I had actively traded the dollar, Dow, crude oil, gold and how they related back to the Forex market so I added Forex to my overall trading approach but still included futures. What attracted me to Forex initially was the fact that I felt it was a logical extension of the active futures trading.
Also, back in late 1999 to early 2000, the regulations began to take hold here in the US and the Forex market really began to get more of the spotlight.
What about Forex in particular do you find interesting, as opposed to the other markets you trade, like stocks and futures?
Forex is a 24-hour market which obviously offers me a lot of flexibility: the market is open Sunday through Friday versus the futures and stocks markets that open and close daily. I can choose which financial centers to trade. Also news and events are discounted into the market in a more organized and timely manner.
The best edge in my opinion is that Forex offers true risk management. The reason I stay "true" is related to different factors: the continuity in Forex which makes my order execution more effective; the lack of gaps; a smoother price action that comes from a liquid 24-hour market; and a clean technical analysis via indicators. All these aspects represent an edge for me.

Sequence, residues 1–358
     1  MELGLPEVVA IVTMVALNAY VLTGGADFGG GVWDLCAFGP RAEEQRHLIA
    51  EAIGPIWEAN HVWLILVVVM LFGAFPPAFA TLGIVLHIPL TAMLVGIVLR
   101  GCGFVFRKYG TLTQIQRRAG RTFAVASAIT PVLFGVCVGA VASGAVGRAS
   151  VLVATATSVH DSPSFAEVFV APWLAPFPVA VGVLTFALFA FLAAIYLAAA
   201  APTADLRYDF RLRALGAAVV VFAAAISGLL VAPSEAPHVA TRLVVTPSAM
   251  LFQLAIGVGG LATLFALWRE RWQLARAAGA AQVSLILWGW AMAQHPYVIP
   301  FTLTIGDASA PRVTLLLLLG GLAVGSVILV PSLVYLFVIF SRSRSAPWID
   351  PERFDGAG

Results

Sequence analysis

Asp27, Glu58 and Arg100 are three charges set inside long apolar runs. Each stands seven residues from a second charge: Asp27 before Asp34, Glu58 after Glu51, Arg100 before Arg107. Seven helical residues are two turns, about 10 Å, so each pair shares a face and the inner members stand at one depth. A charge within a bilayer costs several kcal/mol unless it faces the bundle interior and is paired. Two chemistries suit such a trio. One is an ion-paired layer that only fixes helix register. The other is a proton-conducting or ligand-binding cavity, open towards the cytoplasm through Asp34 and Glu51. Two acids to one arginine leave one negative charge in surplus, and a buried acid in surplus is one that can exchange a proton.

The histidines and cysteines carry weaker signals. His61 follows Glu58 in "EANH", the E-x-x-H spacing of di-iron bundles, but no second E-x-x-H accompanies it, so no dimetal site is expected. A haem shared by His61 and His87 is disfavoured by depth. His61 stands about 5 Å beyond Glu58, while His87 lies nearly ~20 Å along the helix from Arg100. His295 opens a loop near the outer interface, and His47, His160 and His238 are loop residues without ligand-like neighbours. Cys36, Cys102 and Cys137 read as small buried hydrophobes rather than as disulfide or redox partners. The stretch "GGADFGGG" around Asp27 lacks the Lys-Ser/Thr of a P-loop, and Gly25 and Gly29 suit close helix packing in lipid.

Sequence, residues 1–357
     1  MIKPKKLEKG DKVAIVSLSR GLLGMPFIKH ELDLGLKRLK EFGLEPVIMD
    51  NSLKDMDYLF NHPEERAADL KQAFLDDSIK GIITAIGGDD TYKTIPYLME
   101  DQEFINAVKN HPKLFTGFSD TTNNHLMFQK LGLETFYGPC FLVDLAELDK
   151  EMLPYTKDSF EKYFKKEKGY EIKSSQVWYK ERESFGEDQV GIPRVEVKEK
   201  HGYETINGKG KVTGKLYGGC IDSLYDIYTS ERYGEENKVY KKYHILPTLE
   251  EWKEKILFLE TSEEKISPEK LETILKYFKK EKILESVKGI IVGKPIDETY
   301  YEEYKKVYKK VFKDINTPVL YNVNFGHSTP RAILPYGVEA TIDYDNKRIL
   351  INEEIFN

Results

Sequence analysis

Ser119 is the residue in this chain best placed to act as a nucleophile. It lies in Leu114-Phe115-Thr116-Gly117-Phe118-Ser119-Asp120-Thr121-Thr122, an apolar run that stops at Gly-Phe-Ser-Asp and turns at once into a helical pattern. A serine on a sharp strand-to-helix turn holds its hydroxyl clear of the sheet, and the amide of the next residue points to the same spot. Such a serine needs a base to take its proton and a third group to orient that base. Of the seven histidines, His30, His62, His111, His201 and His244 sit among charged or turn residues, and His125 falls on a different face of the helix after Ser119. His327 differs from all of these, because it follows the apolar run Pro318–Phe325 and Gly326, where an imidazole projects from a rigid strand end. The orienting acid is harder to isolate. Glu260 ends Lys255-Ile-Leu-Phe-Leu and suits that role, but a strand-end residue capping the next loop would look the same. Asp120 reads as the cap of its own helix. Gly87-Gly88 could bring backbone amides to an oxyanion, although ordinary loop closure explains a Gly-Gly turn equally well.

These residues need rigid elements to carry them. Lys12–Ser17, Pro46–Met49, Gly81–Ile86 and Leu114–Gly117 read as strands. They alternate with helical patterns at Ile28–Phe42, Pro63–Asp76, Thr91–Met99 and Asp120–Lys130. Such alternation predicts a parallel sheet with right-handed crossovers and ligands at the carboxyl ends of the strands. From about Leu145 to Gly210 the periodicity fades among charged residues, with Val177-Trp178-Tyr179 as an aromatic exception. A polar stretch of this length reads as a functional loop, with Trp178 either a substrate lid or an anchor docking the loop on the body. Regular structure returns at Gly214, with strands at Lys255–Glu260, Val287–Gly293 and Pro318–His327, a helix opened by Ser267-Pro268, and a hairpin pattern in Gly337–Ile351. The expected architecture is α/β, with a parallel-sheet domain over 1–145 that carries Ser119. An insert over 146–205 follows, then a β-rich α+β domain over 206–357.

Another advantage of Forex is the very high liquidity throughout more of the day as opposed to the other markets I trade.
By starting to trade in the early 90's, you witnessed how Internet modified the entire face of individual investing and trading. How has it transformed your trading?
I think a lot of traders forget that before 1996 we had to draw our charts manually. What most traders did was plot a market on the daily chart by getting the closing price by broker and plotting a momentum or simple moving average study. I believe that traders who were trading before the Internet and before we had the luxury of more complex indicators relied on price predominately - price action, price patterns. It's a very different way of looking at the market than through the interpretation of technical indicators and probably because of that that my reliance on technical indicators is more a secondary confirmation to what I see in price.
With the Internet everything changed - everything from order execution, accessibility, information, and more than anything it created a community that we enjoy today, not to mention the knowledge and the information that's available freely on the Internet. Before the Internet I probably had a half dozen books that I read, most of them written in the early 1900s. I still find those the books that shaped me the most and this may sound off but frankly I'm kind of thankful that I didn't have the Internet when I first started trading.